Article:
“Woe to those who are wise in their own eyes and clever in their own sight.” Isaiah 5:21
Conceit is one of those sins that, if you’re smart––which is not the same as “wise”––you can disguise it with a humble looking demeanor. I learned early on to do that and have become quite adept at the ruse. It’s only when I’m tuned in to the Spirit, whenever I think of myself as better than others, I immediately feel his displeasure. If you don’t struggle with conceit you can be proud of your superior spirituality to mine.
Especially in these times of great tension over religion, politics, race, sexuality, social justice, and any number of other issues, we should all make an appointment with Dr. God to get tested and treated for conceit.
Spoiler Alert: Though both the test and the treatment are invasive and painful it should be done routinely. It’s not a one-time deal!
Why can’t we seem to disagree agreeably these days? Conceit is the reason. I’d like to blame Facebook and Twitter for this, but social media just gave us a platform to vent our true conceited selves. The kinds of things we say to each other in cyberspace should appall us all. It most certainly is appalling to “the Father, from whom the whole family in heaven and on earth derives its name” (Ephesians 3:14). It’s not our disagreements that grieve him, but the rancor with which we communicate them and the disrespect that we show each other.
It’s a slippery slope that deposits us into a diseased cesspool of meanness. Watch this…
I can’t believe everyone doesn’t agree with everything I say. (Conceit)
They’re obviously a bunch of idiots. (Conceit on steroids)
If they were smart, they’d stay out of my way because I’m packin’! (Nuclear-powered, ‘roid-rage conceit)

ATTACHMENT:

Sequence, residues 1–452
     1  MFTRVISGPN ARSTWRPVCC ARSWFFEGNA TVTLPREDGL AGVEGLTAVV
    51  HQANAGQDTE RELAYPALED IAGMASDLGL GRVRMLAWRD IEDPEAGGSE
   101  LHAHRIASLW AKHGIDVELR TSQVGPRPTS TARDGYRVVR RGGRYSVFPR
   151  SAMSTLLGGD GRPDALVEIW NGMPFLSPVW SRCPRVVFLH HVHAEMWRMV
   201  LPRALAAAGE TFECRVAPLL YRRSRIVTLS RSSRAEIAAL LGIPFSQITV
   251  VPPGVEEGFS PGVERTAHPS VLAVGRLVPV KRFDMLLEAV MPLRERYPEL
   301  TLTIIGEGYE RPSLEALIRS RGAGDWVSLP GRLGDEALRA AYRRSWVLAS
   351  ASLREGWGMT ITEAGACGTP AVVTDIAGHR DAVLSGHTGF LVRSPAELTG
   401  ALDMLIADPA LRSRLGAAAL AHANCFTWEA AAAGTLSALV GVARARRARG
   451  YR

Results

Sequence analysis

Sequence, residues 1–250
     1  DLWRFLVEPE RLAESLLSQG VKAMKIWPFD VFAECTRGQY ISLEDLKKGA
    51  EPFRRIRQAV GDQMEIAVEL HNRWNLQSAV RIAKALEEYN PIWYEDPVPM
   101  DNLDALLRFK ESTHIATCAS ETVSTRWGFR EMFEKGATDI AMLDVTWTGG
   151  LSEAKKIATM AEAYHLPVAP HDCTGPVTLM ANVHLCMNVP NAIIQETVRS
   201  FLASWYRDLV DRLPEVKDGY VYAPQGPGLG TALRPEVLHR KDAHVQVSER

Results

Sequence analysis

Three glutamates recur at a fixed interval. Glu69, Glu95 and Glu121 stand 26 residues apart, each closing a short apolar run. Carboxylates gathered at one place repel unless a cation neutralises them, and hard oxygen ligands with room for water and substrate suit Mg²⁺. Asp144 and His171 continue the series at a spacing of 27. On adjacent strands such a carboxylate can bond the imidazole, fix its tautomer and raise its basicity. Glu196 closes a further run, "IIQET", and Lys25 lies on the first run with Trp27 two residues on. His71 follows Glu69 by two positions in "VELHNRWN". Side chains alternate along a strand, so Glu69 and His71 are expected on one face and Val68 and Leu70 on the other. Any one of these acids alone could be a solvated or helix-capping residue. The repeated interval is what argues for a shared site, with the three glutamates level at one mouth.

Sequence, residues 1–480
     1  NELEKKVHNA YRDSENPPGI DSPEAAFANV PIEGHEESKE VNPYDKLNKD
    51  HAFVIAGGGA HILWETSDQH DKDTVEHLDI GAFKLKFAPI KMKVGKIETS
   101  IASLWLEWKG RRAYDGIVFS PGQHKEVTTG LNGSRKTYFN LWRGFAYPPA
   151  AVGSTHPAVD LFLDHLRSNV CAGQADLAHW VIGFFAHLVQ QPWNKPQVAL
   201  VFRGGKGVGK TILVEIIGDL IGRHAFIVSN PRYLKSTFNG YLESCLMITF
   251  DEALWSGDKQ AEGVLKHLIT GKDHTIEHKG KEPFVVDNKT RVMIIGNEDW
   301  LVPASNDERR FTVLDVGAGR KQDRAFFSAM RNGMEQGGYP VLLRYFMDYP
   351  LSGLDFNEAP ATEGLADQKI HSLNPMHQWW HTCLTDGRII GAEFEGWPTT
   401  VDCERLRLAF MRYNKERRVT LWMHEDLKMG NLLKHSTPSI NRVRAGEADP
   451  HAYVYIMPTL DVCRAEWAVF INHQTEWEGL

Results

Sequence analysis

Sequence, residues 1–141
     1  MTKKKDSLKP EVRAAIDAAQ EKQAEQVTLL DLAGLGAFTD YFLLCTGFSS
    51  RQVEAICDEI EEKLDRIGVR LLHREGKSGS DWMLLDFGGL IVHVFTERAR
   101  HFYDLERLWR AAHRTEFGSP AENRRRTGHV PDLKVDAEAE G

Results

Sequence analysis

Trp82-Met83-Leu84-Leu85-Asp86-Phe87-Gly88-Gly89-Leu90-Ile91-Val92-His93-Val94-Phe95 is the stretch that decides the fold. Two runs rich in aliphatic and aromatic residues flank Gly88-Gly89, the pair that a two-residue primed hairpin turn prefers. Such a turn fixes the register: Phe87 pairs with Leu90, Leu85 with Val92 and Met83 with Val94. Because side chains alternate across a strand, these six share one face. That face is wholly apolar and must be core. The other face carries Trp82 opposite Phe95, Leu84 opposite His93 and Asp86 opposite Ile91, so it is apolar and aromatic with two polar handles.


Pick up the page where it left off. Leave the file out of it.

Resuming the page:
The conceit disease begins in the heart, is passed around in families, is encouraged in political, social, and religious ideologies, spreads through leaders (like politicians and even pastors), and sickens nations whose citizens have taken the bait to think of themselves as superior to everyone else. In their eyes, their race, their class, their ideology is clearly exceptional.
National pride, an admirable quality in itself; yet when you stir in conceit, it morphs into nationalism, which is one of those toxic “isms.” Race, socioeconomic status, and religious distinctions all have their “isms.” They all can be traced back to pride run amok, and before it costs lives, must be avoided at all cost.
The usual words for sinful pride in the New Testament mean, “to appear above” and to be “wrapped in smoke” or “puffed up” (as in bigger than they actually are). Arrogant people view themselves as higher and bigger than everybody else, while in reality they’re just a puff of smoke.
OK, so I share these thoughts in hopes that you’ll feel as bad about being conceited as I do. I’m tired of feeling this way all by myself!
For your reading pleasure (and for the Spirit’s conviction) check out the following New Testament passages:
Live in harmony with one another. Do not be proud, but be willing to associate with people of low position. Do not be conceited. Romans 12:16
To keep me from becoming conceited, I was given a thorn in my flesh, a messenger of Satan, to torment me. 2 Corinthians 12:7
Let us not become conceited, provoking and envying each other. Galatians 5:26
Do nothing out of selfish ambition or vain conceit. Rather, in humility value others above yourselves. Philippians 2:3
He must not be a recent convert, or he may become conceited and fall under the same judgment as the devil. 1 Timothy 3:6
Some are treacherous, rash, conceited, lovers of pleasure rather than lovers of God. 2 Timothy 3:4
They are conceited and understand nothing. They have an unhealthy interest in controversies and quarrels about words that result in envy, strife, malicious talk, and evil suspicions. 1 Timothy 6:4
Lord, help us be more and more like you!